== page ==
German flying-taxi startups soar in the race to urban skies

Jill Petzinger
Jill Petzinger, Germany Correspondent, Yahoo Finance UK
Volocopter's first public flight in Singapore. Credit: Volocopter

Two German startups brought the possibility of taking a flying taxi to work one step closer today.

Volocopter completed its first public manned flight along the Marina Bay waterfront in Singapore at the Intelligent Transport Systems World Congress on Tuesday. The 1.5km (0.9 mile) flight lasted two minutes and the flying taxi cruised 40 meters off the ground.

“The flight today in Singapore was the most advanced Volocopter flight yet and the piloted flight was as stable as ever,” said Volocopter CEO Florian Reuter. “Never before have people been this close to experiencing what Urban Air Mobility in the city of tomorrow will feel like.”

The all-electric, vertical takeoff and landing (VTOL) craft is powered by 18 rotors and carries two people. Because the rotors operate at a narrow acoustic frequency, the Volocopter is many times quieter than the smallest helicopter, which is loud because of its main and tail rotors and turbine.

READ MORE: German air-taxi firm Lilium picks UK as tech base and promises 'hundreds' of new jobs

Volocopter, based in Badem-Württemberg, also presented its Voloport in Singapore this week, which it hailed as the “world’s first full-scale air taxi vertiport prototype.” It is a launch and landing pad infrastructure for flying taxis and their passengers in the future.

The volocopter, an electrically powered drone taxi, flies near the Mercedes-Benz museum in Stuttgart, southern Germany, on 14 September, 2019. Photo: Getty Images

A Volocopter spokesperson told Yahoo Finance UK that the first route could be up and running in 2-5 years. Earlier this month Volocopter said that Singapore, Dubai and Germany were the cities most open to air taxis right now.

Regulation of the urban skies is a major hurdle, with authorities scrambling to catch up and draft guidelines and regulations. The EU Aviation Safety Agency released its first regulations for the operation of hybrid and VTOL aircraft in July.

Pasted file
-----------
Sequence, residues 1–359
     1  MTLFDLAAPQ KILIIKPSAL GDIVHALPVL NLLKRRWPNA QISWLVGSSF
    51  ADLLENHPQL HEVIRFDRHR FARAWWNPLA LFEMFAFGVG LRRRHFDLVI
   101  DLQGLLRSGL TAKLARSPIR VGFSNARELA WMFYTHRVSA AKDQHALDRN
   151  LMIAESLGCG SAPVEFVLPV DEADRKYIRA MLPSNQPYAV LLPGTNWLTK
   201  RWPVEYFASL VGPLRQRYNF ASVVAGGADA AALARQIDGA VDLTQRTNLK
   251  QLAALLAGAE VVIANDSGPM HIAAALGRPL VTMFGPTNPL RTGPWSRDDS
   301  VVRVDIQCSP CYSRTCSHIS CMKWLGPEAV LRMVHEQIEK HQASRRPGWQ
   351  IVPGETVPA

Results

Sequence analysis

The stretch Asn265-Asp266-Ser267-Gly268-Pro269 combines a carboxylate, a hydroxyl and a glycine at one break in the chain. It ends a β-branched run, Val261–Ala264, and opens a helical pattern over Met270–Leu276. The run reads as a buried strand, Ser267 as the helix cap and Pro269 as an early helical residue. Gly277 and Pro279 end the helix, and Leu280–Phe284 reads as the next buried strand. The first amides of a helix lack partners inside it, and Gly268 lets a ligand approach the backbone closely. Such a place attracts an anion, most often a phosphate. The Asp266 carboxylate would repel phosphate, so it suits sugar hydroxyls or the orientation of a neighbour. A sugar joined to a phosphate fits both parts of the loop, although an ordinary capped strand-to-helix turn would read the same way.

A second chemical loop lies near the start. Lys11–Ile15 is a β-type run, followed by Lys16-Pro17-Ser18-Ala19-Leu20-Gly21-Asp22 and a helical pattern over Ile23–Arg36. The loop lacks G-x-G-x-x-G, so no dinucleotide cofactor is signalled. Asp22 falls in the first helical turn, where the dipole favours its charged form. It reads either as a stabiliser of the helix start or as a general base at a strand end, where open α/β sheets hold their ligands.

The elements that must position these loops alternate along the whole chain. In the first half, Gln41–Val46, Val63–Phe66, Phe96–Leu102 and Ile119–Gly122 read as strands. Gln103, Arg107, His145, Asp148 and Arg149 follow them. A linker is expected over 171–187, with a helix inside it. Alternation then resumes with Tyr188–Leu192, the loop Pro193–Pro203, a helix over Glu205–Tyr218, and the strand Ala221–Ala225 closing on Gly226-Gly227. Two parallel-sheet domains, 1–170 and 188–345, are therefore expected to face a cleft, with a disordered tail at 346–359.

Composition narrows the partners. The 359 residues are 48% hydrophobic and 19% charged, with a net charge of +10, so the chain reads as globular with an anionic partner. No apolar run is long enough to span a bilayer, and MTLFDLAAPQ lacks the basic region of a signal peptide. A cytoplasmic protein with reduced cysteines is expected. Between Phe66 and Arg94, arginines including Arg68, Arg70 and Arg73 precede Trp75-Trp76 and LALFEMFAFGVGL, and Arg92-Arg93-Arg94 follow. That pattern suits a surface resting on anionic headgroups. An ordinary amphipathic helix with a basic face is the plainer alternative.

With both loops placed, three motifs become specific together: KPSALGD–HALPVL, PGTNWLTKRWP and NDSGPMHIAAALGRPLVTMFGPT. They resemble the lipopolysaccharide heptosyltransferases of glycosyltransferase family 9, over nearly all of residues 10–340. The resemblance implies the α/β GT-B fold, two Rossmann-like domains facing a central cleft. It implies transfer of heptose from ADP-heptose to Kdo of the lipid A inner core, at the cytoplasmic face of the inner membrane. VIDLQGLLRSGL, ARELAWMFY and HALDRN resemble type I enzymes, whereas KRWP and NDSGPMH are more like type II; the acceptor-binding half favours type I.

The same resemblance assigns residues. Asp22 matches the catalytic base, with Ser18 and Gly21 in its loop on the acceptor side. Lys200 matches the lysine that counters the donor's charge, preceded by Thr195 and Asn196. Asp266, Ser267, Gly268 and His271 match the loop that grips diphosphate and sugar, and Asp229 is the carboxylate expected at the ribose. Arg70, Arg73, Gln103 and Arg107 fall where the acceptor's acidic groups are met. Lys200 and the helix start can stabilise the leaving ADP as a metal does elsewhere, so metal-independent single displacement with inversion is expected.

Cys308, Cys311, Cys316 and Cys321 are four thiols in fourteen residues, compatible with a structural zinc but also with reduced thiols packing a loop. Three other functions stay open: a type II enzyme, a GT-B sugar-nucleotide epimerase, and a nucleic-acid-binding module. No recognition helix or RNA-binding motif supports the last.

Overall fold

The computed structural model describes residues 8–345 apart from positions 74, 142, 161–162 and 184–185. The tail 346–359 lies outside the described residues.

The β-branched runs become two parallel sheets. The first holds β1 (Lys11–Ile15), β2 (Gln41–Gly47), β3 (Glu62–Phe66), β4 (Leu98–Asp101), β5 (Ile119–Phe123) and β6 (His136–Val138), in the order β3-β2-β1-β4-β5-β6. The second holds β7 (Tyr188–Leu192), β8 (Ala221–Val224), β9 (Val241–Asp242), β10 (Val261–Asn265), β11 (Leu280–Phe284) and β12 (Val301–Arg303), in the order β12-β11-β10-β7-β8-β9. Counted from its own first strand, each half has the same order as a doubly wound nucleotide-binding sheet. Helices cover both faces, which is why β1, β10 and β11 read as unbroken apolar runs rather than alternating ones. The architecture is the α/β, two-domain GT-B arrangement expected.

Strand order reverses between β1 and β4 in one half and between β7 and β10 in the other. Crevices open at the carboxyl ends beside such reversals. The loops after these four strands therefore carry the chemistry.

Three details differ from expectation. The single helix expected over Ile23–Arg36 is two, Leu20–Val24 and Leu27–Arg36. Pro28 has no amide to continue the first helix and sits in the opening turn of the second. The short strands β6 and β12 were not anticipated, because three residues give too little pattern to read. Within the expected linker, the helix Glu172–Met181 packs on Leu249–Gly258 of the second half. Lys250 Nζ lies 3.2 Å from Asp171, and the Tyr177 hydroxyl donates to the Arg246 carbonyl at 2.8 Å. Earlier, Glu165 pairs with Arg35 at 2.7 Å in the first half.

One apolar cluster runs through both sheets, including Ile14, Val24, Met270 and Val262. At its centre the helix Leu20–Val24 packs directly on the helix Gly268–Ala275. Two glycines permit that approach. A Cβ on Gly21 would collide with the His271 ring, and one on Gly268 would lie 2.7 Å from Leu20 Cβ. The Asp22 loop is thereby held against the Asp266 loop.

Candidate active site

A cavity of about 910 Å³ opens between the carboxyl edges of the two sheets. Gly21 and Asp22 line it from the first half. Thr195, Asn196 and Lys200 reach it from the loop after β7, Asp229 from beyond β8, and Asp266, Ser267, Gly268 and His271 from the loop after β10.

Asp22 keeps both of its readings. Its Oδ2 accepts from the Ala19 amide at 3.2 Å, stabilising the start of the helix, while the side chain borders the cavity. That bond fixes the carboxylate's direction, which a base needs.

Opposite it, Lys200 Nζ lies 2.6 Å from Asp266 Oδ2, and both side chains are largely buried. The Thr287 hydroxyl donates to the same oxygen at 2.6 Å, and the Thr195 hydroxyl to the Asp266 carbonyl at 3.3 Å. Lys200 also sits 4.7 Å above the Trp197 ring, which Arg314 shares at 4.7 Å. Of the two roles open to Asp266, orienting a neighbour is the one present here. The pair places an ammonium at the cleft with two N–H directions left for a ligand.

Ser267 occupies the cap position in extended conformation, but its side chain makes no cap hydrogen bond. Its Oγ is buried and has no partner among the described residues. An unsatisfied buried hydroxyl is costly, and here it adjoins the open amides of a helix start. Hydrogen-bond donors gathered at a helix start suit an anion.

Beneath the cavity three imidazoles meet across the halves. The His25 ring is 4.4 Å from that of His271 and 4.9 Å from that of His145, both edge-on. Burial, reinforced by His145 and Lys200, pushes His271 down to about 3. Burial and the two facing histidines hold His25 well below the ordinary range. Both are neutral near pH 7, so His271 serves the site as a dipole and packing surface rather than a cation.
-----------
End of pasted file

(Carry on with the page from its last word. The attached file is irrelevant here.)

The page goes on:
Volocopter is cooperating with Singapore’s Ministry of Transport and Civil Aviation Authority on the Voloport infrastucture. Back home, it is working with Frankfurt airport operator Fraport exploring on how to integrate air taxis into the existing infrastructure at Frankfurt Airport.

READ MORE: Fraport and Volocopter partner on flying taxis for Frankfurt Airport

Germany’s other flying-car company Lilium also announced a major milestone today: its prototype Lilium Jet can now hit speeds of over 100 kph (62 mph).

The VTOL craft from the Munich-based startup is also a battery-powered VTOL craft, but, with 36 motors and five seats, it is larger than the Volocopter. The company expects it to be able to achieve a 300km range on a single charge, allowing for inter-city trips rather than just flying around one single city.

A handout picture from Munich flying taxi startup Lilium shows its five-seater prototype. Photo: Lilium/Reuters

Lilium said it will now expand its production capacity to include a second facility, and pegged its commercial launch for 2025. It counts Tencent among its investors, while Volocopter’s big-name stakeholders include Daimler and China’s Zhejiang Geely Holding.

Plying the urban skies is not only a beguiling prospect for disruptive mobility startups like Lilium, Volocopter, and Uber; automotive and aerospace giants are also combining forces to ensure they also get a slice of the Urban Air Mobility (UAM) market of the future.

Boeing and Porsche announced this month that they are teaming up to develop a VTOL craft, while Airbus is developing its CityAirbus battery-electric four-seater passenger drone at its plant in Germany.

READ MORE: Porsche and Boeing partner up to develop electric flying vehicles

Writing on the Daimler blog after Volocopter’s first unmanned European test flight in October, company CEO Reuter said that for most people a flying taxi was still an “unusual sight” but they will soon be a feature of everyday life.

“It makes me think of the early phase of automobile travel, when people were afraid of the new machines and, to ensure safety, a man waving a red flag had to run in front of the car to announce the arrival of this extraordinary means of transportation,” Reuter wrote. “Fortunately, today we seem to be more open to innovation.”